Gunnison Sage-grouse Conservation

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Conservation of Gunnison Sage-grouse

The International Union for the Conservation of Nature (IUCN) recognizes the Gunnison sage-grouse as a red-listed, or globally endangered, species  (Storch 2007). In 2006, the Audubon Society listed the Gunnison sage-grouse as one of the 10 most endangered birds in North America. In January 2013, the USFWS proposed listing the species as an Endangered Species. In addition, they proposed 1.7 million acres of critical habitat for the species. On Nov. 12, 2014 the agency listed the Gunnison sage-grouse as "threatened" instead of "endangered" which is a more flexible protection status. For more information, visit the USFWS Gunnison Sage-grouse website.

 Historic and Current Range

Gunnison sage-grouse current occupied range and historic range. Map provided by the U.S. Fish and Wildlife Service.

Historically, there has been a 90 percent or more loss in Gunnison sage-grouse habitat leading to the current distribution today, (Schroeder et al. 2004, GUSG Range-wide Conservation Plan 2005). The Gunnison Sage-grouse Range-wide Steering Committee estimates the historic range was 21,276 square miles and the current range is estimated to 1,822 square miles, which is 8.5 percent of the historic range, (Schroeder et al. 2004). Currently, Gunnison sage-grouse occur in six Colorado counties out of 22 that they historically occupied, (Braun et al. 2014). The estimated population sizes within each of the extant populations is a matter of significant concern. Only one population, the Gunnison Basin population, is estimated to have more than 500 individuals during the breeding season and that population contains more than 80 percent of all remaining individuals in the species. The remaining seven populations are isolated and small, with high male counts ranging from five to 42 males in recent years. Several populations have disappeared since 1980, (Braun 1995, Young et al. 2000).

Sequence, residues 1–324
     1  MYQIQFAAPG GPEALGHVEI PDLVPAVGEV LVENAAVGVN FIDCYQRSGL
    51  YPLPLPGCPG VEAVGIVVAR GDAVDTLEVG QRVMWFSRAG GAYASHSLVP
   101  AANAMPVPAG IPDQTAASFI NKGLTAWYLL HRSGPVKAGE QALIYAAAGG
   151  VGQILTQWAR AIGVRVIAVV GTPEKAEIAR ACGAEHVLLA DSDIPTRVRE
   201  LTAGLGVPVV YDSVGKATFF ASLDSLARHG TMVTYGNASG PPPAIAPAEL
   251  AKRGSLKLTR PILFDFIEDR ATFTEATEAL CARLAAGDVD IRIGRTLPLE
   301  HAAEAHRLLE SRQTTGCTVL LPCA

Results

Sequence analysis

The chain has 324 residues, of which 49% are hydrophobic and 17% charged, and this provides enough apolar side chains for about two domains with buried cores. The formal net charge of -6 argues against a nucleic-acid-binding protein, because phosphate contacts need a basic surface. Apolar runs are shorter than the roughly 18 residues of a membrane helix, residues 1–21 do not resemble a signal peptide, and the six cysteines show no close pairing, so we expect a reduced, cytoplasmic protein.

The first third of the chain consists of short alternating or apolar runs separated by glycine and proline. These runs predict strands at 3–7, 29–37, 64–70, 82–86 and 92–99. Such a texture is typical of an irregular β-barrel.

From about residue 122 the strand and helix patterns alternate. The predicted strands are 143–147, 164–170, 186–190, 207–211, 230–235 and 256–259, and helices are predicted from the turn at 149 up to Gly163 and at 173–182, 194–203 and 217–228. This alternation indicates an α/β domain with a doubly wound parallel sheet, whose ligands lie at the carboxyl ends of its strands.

The historic abundance prior to 1950 is unknown, but, based on historical documents and interviews, was likely orders of magnitude larger than present. Even during the past decades, lek areas in the Gunnison Basin have seen over 500 displaying males present. Currently, most leks in the Gunnison Basin have fewer than 50 males displaying and many have fewer than 20 males. Approximately 40 percent of the leks in the Gunnison Basin are classified as inactive and no longer have birds displaying on them. In other areas in the range, males have not attended leks for several years nor have new leks been discovered in adjacent areas.

Population Trends and Estimates

2001 - 2014 Lek Counts

high male count Gunnison Sage-grouse 2001 - 2014

Recent high male counts of males attending breeding grounds are provided courtesy of Colorado Parks and Wildlife (CPW). Current counts do not reflect the loss of birds from the 90 percent habitat loss calculated in the Gunnison Sage-grouse Range-wide Conservation Plan, nor the inactive or extirpated leks in any population area. As the Gunnison Sage-grouse Range-wide Conservation Plan points out, lek data is most useful to determine long-term trends rather than population estimates. Sage-grouse populations and lek counts routinely vary from year to year. Comparing particular counts or lek areas can be useful to understand potential and percent decline in local areas. For example, in 1953, one lek area in the Gunnison Basin had over 500 birds attending it on a single day. A recent high count of that Ohio Creek area indicated an over 40 percent decline according to the Range-wide Conservation Plan. In other areas of the range, Gunnison sage-grouse have experienced greater than 90 percent declines on lek areas. Recent counts have highlighted concerns that population numbers in seven of the eight populations are becoming less sustainable and more vulnerable given low counts of males at leks. As mentioned above, there are also significant genetic diversity concerns associated with these small populations.

Gunnison sage-grouse high male count table